News - Audi
New Audi brain to control up to 90 vehicle functions
New chassis electronics from Audi promises higher safety, better ride handling
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7 Aug 2020
By NEIL DOWLING
AUDI has outlined how its latest electronic chassis system will not only continuously monitor and calculate the best ride and handling settings for its future models, but become the central brain for all vehicle systems to prevent collisions and even alter the vehicle’s attitude before a crash to minimise occupant injury.
The concept revolves around the further development and enhancing of Audi’s Electronic Chassis Platform (ECP) – Audi’s description of a “vehicle dynamics brain” – that will soon be able to link up to 90 systems including predictive active suspension, all-wheel steering, active roll stabilisation and braking.
Audi said that in the future, the central processor “will handle longitudinal and lateral dynamics control, energy and powertrain management, recuperating energy during a braking event, determining the damper compression rate within milliseconds and keeping the vehicle precisely on track – all practically at the same time.”
“It will operate about 10 times as fast as current systems and be able to control up to 90 system participants, compared to about 20 in the case of the current ECP,” the brand said.
“Its precise data computation will also execute the requirements of advanced driver assistance functions.”
First introduced in the 2015 Q7, the ECP will be gradually rolled out in the Audi model range and will cover both internal-combustion engine (ICE) models and electric vehicles (EVs), but the brand would not give definitive timelines on the roll-out, saying the ECP would be here “in the near future”.
In its online Tech Talk session with Australian journalists, Audi said that to maximise safety, ride, comfort and handling, all components under the ECP umbrella have to be seamlessly integrated.
According to head of suspension systems development Carsten Jablonowski, the key is making the systems work cooperatively and prevent one system from dominating the others.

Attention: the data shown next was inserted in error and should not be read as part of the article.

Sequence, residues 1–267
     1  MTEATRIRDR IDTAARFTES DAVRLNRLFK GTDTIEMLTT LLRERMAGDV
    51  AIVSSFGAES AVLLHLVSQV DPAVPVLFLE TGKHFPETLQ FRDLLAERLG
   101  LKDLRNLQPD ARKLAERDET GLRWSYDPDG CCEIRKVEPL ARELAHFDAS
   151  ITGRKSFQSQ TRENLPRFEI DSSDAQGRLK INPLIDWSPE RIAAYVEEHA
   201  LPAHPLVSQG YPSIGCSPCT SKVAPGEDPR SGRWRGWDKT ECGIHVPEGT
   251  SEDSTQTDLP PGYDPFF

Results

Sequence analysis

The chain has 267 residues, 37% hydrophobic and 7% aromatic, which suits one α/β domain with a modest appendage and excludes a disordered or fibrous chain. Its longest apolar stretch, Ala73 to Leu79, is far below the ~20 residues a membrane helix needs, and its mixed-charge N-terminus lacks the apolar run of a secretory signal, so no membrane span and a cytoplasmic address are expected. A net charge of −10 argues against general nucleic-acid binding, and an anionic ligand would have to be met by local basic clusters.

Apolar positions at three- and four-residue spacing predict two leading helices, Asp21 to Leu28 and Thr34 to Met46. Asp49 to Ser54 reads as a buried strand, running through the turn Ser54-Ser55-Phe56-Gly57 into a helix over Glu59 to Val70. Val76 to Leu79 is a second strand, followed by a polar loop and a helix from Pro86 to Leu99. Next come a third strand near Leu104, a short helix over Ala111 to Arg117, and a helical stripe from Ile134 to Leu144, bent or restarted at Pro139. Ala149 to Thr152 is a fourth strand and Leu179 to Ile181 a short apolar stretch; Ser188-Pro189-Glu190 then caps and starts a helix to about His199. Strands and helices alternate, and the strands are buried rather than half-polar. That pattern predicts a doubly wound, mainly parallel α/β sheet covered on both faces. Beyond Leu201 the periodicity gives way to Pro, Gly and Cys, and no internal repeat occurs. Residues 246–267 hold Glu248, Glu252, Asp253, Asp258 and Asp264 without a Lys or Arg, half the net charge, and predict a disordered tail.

“The chassis still has to work superbly without the electronics,” he said.
“We have to ensure that the systems work together so that the driver of the SQ8, for example, will not know which systems are making the car so precise and so comfortable.”
Mr Jablonowski said the efficiency of the chassis and the development of new braking systems that integrate conventional friction braking with regenerative braking will greatly improve the efficiency of cars and lead to reduced fuel consumption or, in the case of electric vehicles, reduced energy use.
“It is the interplay of mechanical chassis parts with electronics to make the car better balanced. That fits the character of the Audi brand.”
But it is its contribution to occupant safety that Audi is pressing as being one of the most important developments for the future.
The active suspension together with the central processor of the ECP can help reduce collision impact by adjusting the car before impact. The concept has also been shown by Mercedes-Benz with its latest S Class model.
Mr Jablonowski said that upon detecting an imminent side impact at more than 25 km/h, the active suspension of the A8 will instantly raise the car body by up to 80mm, resulting in the other car hitting the A8 in an area that is structurally stronger.
“The deformation of the passenger cell and impact on the occupants, especially in the chest and abdominal area, can thus be as much as 50 per cent lower than in a side crash without suspension lifting,” Audi said in a statement.
Mr Jablonowski added that in this case, the ECP would be responsible for activating the active suspension and its integration with other chassis components like the air spring.
While the new ECP system as a whole is still in development, certain systems including the new predictive active suspension are already available on models including the A8 and SQ8 with Audi saying it will rapidly trickle down to less luxurious models.